Topic: The RCR
In 1914, the officers, non-commissioned officers and soldiers of The Royal Canadian Regiment (The RCR) formed a large share of the approximately 3000 professional soldiers in Canada's army. While the single infantry regiment of Regulars might have expected to find itself despatched to Europe at the outbreak of the First World War, this was not to be. Instead, the Department of Militia sent its one infantry battalion to garrison Bermuda for a year while Sir Sam Hughes executed his plan to create a new Expeditionary Force separate from the Regular Army and the Canadian Militia. The RCR would later join the Canadian Expeditionary Force in France as a unit of the 3rd Canadian Infantry Division, and the question of its deployment to Bermuda would be raised in the Canadian Parliament.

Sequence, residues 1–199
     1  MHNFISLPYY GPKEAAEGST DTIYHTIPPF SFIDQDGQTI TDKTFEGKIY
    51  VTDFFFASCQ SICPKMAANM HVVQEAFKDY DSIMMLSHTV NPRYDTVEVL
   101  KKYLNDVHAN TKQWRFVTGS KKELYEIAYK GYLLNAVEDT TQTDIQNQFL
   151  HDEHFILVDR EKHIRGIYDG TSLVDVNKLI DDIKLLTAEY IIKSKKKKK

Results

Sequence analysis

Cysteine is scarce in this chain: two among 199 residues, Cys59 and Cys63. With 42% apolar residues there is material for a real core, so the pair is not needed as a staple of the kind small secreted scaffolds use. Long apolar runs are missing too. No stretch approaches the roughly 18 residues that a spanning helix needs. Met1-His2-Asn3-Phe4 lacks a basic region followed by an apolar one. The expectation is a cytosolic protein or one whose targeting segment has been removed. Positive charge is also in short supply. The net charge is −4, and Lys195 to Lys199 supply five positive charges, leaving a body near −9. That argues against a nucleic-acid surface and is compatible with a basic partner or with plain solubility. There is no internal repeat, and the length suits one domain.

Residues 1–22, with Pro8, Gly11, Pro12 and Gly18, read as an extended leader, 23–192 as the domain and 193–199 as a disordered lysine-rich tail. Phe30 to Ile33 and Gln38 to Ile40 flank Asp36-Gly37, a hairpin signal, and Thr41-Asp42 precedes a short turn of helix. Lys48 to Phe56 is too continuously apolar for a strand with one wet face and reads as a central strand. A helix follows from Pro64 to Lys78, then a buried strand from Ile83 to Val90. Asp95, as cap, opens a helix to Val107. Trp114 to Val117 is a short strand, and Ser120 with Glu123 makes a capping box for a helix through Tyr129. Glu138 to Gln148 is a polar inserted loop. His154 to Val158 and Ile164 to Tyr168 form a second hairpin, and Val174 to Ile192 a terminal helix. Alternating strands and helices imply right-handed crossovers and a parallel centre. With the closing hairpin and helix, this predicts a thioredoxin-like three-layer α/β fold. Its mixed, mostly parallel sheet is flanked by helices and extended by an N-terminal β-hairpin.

The RCR would serve in France and Flanders from November 1915 until the end of the War and approximately 4800 Canadians would wear the Regiment's eight-pointed star cap badge and fight as Royal Canadians. From Mount Sorrel in 1916, through Vimy in 1917 and ending with the Pursuit to Mons in 1918, The Royal Canadian Regiment would be awarded 16 Battle Honours for its achievements and sacrifices on the fields of battle in France and Flanders.One member of the Regiment, Lieutenant Milton Fowler Gregg, would receive the Victoria Cross, and many others would receive other awards for acts of courage and meritorious service.
Discover more about The Royal Canadian Regiment in the First World War at The Regimental Rogue; presenting elements including the unit's War Diary and information on the officers and the NCOs and soldiers of the Regiment.